Date of Award

12-2005

Degree Type

Thesis

Degree Name

Master of Science in Vision Science

Committee Chair

Hannu Laukkanen

Abstract

Background: Many students are academically at-risk, and while some of them are getting help through special schooling, they might also be experiencing other underlying issues that could be affecting their educational success such as vision problems, dyslexia, and/or Attention Deficit Disorder/ Attention Deficit Hyperactivity Disorder (ADD/ADHD). Methods: Thirty-one students from a high school for academically at-risk youth volunteered for (with a monetary incentive) and were administered a battery of tests for vision, dyslexia, reading, and eye movements. Information was also collected regarding ADD/ ADHD and medications for each subject. All data was then compared to norms for pass/fail, and statistical analysis was performed on those with vision problems versus those without. Results: Twenty-two (72%) subjects failed at least one vision testing category. In addition to normal vision screening tests, students could also pass/fail supplementary vision tests not generally included in a vision screening. Statistical analysis identified three out of the nineteen potential categories comparing students with vision problems to students without vision problems as being significantly different, i.e. whether any difference between the groups is a matter of chance, e.g. due to experimental error. The significant categories were: accommodative facility, vergence facility, and distance rock. A correlation matrix was run to compare subjects' actual grade levels to grade level placements from the Dyslexia Determination Test (DDT), Informal Reading Inventory (IRI), and Visagraph to see if one is a predictor of any of the others, and results determined that they do not parallel one another. Twenty (64%) of the subjects were identified as having ADD/ADHD, while 24 (77%) were reported to be on some form of medication. Conclusions: The results from this study suggest that academically at-1isk adolescents demonstrated a high frequency of vision problems, dyslexia, and/or ADD/ADHD.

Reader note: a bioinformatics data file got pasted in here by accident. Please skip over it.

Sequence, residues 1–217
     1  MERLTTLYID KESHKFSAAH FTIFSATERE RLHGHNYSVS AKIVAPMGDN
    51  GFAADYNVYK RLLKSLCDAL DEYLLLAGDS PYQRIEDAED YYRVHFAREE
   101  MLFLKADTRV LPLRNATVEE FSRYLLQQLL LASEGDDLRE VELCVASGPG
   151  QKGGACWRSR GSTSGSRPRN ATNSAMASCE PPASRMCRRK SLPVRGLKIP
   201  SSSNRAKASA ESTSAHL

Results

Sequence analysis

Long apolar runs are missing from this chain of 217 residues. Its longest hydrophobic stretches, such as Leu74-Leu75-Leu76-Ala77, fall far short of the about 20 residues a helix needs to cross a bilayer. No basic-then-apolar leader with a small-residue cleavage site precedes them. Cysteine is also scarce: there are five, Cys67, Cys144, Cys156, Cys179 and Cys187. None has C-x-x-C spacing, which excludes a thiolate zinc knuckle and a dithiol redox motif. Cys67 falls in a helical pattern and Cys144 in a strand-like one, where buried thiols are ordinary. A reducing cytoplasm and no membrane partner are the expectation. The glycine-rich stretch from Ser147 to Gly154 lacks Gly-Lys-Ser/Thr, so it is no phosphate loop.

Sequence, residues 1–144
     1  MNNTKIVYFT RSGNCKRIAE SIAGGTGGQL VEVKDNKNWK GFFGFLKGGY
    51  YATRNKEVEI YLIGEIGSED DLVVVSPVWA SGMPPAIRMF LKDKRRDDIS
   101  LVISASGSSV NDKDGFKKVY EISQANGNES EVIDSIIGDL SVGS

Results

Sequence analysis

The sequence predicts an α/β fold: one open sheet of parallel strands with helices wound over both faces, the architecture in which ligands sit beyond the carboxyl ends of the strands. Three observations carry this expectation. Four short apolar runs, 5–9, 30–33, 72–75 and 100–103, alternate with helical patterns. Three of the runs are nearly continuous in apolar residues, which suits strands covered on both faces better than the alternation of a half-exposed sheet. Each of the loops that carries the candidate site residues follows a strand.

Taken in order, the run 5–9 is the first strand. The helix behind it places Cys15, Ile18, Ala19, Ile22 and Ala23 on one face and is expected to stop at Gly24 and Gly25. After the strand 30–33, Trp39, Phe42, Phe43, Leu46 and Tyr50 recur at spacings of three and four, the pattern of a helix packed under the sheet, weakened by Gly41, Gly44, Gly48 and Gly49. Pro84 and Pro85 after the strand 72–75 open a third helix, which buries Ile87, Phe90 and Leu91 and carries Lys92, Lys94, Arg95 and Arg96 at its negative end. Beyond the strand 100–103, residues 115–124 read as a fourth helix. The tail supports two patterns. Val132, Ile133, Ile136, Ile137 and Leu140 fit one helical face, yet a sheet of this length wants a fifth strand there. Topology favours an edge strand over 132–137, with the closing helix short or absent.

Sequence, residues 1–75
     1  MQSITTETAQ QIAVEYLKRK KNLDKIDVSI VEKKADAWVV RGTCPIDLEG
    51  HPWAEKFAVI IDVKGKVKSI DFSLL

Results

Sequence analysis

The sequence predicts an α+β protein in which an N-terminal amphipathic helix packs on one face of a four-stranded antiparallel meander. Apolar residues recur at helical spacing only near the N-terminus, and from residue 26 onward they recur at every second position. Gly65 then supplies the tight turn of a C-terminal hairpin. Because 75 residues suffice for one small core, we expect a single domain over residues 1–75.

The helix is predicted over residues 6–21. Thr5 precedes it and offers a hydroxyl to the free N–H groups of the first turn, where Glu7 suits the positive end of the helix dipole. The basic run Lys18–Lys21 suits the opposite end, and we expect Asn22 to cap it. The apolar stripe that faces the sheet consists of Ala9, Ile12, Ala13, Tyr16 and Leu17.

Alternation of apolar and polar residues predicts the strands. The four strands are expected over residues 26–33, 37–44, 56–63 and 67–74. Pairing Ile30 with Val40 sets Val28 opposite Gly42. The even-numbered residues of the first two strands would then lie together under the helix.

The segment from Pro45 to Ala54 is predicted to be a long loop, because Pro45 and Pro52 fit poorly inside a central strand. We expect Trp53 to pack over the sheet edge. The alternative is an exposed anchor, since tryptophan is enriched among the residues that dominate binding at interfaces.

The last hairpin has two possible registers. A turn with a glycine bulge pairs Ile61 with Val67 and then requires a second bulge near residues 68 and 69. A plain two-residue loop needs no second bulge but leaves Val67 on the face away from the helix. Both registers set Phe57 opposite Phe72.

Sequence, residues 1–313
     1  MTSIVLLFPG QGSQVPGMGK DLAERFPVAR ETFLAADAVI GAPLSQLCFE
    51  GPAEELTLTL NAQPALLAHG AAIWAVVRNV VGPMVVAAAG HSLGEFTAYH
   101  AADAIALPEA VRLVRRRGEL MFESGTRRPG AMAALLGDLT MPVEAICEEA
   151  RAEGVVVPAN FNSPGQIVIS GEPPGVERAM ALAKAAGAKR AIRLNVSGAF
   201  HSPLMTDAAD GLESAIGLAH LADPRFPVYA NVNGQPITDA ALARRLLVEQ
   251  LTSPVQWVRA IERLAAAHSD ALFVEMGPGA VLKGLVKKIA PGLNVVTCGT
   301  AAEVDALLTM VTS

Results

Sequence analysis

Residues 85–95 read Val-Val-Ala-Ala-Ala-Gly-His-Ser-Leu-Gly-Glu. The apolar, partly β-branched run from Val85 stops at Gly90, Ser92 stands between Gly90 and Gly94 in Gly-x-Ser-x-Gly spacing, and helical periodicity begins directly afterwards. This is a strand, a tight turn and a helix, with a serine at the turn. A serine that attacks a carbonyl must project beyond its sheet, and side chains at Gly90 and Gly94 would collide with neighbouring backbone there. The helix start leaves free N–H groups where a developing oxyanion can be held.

Included in

Optometry Commons

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